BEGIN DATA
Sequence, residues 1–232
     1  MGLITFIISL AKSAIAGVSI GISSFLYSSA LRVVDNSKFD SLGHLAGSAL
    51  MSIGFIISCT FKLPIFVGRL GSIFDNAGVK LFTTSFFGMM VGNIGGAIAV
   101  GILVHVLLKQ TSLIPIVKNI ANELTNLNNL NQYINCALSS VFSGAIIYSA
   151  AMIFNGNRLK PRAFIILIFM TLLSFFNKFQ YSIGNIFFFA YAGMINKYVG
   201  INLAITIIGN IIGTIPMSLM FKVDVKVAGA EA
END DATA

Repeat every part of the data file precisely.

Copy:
Sequence, residues 1–232
     1  MGLITFIISL AKSAIAGVSI GISSFLYSSA LRVVDNSKFD SLGHLAGSAL
    51  MSIGFIISCT FKLPIFVGRL GSIFDNAGVK LFTTSFFGMM VGNIGGAIAV
   101  GILVHVLLKQ TSLIPIVKNI ANELTNLNNL NQYINCALSS VFSGAIIYSA
   151  AMIFNGNRLK PRAFIILIFM TLLSFFNKFQ YSIGNIFFFA YAGMINKYVG
   201  INLAITIIGN IIGTIPMSLM FKVDVKVAGA EA